Why Is My Cat Missing the Litter Box?

why is my cat missing the litter box

Once a cat is properly litter trained, they are commonly expected to use the litter box without an issue. After all, once you have put the effort into training the cat how to properly eliminate, there shouldn’t be any reason why your cat is missing the litter box, right? While it may be true that your cat “shouldn’t” be missing the litter box, there are situations that can occur where the cat does miss the litter box for whatever reasons it may have. Waking up and noticing that there is urine or feces on the floor around the box is not something that anyone wants to deal with so it will be important for you to find the root reason why your cat is doing this.

There are quite a few reasons why your cat may be missing the mark of its litter box, so to speak. For some cats, it may be an act of defiance. Here, your cat is often trying to send you a message in one of the only ways it knows how. The message will usually mean that its litter box is no longer suitable for whatever reason.

Other times, your cat may not be able to hit the litter box because of a medical issue that causes problems for your cat. When you are working on figuring out what the problem is, it is crucial that you rule out medical reasons before you move on to behavioral reasons.

Making Sure That It Isn’t Medical

When a cat is no longer able to deposit everything in the litter box as it should, it may be a sign that your cat is experiencing medical issues relating to its urinary or digestive tract. It could be that your cat was not able to make it to the litter box in time to urinate properly, causing it to eliminate outside of the litter box even if it knows that it is supposed to use the box. In other cases, it could be that your cat feels pain or discomfort when urinating and has incorrectly associated that pain with being inside the litter box. In your cat’s mind, it is the litter box that is causing the pain; logically, it should urinate outside of the pain-causing box. While you know that this isn’t the case, this is likely your cat’s thought process.

Often, when there is a medical issue that is causing your cat to act like this, there will be other underlying signs. Your cat may make more frequent trips to the litter box without relieving itself. Your cat may meow, or even yowl, in pain when it relieves itself. Your cat may begin sleeping beside or even inside the litter box if it learns that it cannot make it to the litter box in time to relieve itself. Some cats, if they believe that the litter box is the cause of their pain, may even become agitated and scared of going near the litter box as they likely do not quite understand why the box is “hurting them.”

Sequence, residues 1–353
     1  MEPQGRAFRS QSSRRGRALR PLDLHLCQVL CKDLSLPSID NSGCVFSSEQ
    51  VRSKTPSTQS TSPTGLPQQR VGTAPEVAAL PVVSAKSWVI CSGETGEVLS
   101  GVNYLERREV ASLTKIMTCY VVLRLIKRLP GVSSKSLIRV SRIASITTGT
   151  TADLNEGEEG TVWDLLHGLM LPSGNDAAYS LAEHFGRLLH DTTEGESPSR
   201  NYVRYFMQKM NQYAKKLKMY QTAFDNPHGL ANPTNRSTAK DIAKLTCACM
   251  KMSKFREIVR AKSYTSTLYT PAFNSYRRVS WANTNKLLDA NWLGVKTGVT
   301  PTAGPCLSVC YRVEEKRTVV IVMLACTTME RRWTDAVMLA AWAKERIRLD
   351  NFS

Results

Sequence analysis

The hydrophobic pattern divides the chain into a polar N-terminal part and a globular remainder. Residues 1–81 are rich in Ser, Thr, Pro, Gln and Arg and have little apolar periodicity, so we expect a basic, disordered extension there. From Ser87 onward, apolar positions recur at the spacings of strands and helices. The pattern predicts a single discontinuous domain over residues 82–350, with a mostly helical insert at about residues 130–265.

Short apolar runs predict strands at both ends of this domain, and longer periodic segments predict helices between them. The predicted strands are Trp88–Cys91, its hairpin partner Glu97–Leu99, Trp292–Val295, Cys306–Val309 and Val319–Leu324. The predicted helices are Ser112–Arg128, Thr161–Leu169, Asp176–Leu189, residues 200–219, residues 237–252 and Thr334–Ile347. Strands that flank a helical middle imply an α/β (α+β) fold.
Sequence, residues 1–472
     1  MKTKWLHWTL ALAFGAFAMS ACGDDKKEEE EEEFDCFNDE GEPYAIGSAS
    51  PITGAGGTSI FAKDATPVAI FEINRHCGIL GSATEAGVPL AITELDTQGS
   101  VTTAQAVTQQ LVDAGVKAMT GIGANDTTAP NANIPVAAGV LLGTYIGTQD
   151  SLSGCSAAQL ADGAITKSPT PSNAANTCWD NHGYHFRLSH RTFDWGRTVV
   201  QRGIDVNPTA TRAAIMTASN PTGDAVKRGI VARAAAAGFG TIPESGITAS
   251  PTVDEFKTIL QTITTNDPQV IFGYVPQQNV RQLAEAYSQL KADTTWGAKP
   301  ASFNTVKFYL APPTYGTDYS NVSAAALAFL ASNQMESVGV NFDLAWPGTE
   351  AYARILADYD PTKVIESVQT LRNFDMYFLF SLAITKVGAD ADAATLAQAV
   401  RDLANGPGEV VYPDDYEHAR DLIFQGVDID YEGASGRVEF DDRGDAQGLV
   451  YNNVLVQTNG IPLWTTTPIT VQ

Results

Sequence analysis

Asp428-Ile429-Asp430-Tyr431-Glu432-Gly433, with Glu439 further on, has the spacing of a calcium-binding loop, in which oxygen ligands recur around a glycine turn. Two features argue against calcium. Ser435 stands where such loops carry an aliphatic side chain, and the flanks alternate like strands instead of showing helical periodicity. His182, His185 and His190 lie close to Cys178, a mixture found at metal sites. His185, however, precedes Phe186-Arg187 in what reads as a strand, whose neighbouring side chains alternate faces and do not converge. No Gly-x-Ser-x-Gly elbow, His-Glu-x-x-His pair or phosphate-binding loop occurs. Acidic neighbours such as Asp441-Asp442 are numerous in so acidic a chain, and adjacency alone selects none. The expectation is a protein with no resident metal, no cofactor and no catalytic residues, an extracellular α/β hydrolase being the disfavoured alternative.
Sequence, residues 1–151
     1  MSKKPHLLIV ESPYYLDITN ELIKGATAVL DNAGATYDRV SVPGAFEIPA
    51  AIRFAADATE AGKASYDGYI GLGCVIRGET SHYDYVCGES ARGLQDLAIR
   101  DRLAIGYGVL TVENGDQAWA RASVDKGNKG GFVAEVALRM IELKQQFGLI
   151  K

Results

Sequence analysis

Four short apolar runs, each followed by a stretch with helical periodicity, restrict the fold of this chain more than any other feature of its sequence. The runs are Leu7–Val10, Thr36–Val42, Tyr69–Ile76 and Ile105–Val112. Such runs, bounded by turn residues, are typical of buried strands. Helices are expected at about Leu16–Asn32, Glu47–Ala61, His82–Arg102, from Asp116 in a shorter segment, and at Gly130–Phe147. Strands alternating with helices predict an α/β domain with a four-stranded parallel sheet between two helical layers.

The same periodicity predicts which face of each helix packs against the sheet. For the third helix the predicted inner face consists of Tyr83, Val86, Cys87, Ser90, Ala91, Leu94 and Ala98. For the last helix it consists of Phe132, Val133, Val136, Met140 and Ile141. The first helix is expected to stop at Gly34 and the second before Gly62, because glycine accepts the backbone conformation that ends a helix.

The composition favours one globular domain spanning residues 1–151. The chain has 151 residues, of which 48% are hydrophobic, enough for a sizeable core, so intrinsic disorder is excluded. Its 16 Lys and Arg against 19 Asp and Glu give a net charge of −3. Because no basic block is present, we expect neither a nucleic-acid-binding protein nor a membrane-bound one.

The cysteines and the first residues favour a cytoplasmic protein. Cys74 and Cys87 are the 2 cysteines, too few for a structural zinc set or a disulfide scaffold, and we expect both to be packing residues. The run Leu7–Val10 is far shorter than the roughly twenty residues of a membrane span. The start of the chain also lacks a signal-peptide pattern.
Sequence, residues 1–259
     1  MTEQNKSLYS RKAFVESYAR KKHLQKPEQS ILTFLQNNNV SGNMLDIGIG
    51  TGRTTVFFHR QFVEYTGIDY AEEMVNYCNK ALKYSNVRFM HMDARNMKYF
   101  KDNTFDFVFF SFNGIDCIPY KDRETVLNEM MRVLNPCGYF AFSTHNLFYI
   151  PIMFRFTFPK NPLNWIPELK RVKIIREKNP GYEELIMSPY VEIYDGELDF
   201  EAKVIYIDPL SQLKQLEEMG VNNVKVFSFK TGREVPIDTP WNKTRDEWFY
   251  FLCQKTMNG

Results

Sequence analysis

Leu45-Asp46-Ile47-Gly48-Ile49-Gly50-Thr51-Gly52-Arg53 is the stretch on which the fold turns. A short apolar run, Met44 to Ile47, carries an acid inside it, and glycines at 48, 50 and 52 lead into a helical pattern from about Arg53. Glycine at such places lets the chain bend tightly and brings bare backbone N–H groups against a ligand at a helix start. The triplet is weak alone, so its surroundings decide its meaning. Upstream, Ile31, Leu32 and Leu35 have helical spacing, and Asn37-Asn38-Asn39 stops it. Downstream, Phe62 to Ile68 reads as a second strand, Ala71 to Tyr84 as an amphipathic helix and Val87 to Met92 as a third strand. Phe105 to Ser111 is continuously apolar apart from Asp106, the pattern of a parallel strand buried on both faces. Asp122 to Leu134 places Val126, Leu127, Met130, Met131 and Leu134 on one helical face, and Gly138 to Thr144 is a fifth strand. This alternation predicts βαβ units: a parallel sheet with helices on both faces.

If you notice any of these signs in your cat, you will want to take your cat to the vet as soon as you can so that you can properly get rid of the problem. Usually, with these cases, the problem will be with the urinary tract, the bladder, arthritis (if it hurts the cat to get into the box, it is not going to want to use it), and digestive problems. Some adjustments may need to be made to your cat’s lifestyle based on what the issue turns out to be but that will be a hurdle to cross when you learn about it.

Resolving Behavioral Problems

Once you have ruled out medical problems as being the cause of your cat’s issue, you will then want to work on ruling out and taking care of any behavioral problems that your cat may have. If it is eliminating outside of the box, there are a few reasons why it may be doing this. One of the most common reasons your cat may have is that it is trying to send a message to you one way or another.

More often than not, this message will be along the lines of “the litter box is no longer suitable to eliminate in.” Cats, being quite the clean animal, are relatively strict about where they feel comfortable eliminating. Their litter boxes need to be kept clean and there needs to be enough litter boxes in a multi-cat household for your cat to feel comfortable using them. Litter boxes should be scooped out on a daily basis with a complete litter change every one to three weeks. You should also have one litter box per cat in the household, plus an extra litter box for safe measure. If you follow both of these things, then there’s a chance that it may be a territorial issue that the cat is having.

In a house with multiple cats, a cat with a more dominant personality may try to claim another cat’s litter box. If the cat doesn’t feel as if it can use a litter box because it has been “claimed” by another cat but the cat still needs to eliminate, it will do so in front of the litter box. In this situation, you will want to try to do what you can to solve the territory dispute. This may involve moving the litter boxes further apart, helping the more dominant cat have its desired control over other areas of life (such as playing with it more often), and generally making sure that the less dominant cat feels in control enough to use its litter box.

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